“Disharmony,” New Era, Oct. 1998, 49
We had a large LDS population in my hometown. I played in our high school band, but my band teacher did not like the Church and was always trying to discredit the Book of Mormon.
When we went on band trips, he would bring ideas from his church meetings with him and confront me. He found it entertaining to bash the Church, and I felt like I was the only one who would defend it.
At first I wanted to prove to him that he was wrong. He would tell me that every sin is equally as bad—murder and lying alike—and that there is really no repentance. Instead, we go through this life and as long as we acknowledge Christ as our Savior we will go to heaven.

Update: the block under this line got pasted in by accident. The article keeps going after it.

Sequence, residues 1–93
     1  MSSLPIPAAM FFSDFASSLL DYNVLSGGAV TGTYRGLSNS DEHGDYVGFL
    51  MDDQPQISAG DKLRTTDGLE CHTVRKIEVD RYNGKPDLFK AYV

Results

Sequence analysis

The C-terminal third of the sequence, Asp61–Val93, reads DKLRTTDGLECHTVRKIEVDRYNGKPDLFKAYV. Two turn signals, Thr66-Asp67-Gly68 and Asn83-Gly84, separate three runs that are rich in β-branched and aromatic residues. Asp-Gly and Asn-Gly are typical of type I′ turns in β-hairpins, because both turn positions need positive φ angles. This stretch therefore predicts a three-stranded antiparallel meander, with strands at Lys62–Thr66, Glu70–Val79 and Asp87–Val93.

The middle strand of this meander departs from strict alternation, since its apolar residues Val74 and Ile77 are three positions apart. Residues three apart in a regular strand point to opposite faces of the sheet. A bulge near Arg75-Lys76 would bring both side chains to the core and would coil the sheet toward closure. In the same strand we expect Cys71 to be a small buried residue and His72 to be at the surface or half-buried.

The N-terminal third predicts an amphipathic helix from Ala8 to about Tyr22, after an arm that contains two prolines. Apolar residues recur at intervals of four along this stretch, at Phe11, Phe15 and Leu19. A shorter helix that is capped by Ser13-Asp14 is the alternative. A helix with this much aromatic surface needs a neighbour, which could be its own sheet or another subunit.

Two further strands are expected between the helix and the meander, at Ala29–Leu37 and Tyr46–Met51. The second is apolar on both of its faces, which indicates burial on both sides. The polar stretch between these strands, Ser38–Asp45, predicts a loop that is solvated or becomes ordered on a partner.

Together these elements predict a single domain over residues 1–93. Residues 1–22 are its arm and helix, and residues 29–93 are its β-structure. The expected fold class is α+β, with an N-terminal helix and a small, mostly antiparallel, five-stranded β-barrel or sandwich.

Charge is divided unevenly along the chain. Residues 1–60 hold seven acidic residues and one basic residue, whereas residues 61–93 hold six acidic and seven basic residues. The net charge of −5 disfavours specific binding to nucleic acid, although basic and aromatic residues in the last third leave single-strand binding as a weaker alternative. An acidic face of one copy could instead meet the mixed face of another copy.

I felt like the plan of salvation had suddenly been turned into a game of Monopoly. There are no free rides, I tried to explain. But he was not there to learn about my beliefs.
Since he was there in the spirit of contention (and I followed somewhat ignorantly), we just went around in circles. No matter what explanation I could offer, he would come up with something else to debate. It wasn’t until a year later that I realized what it was I was doing.
I had thought I was doing missionary work, but I was not. After studying the scriptures, talks, and lectures on the subject, I now know that if people are there with the intention to debate beliefs, they are not ready to hear the gospel. This seems so obvious to me now, but at the time I had no idea. People must open their hearts to receive the gospel message.
If we learn to share the gospel with those who truly want to learn, we can share the truth with them.
We need not contend, but instead we need to proclaim the gospel. It brings happiness to all who partake of it.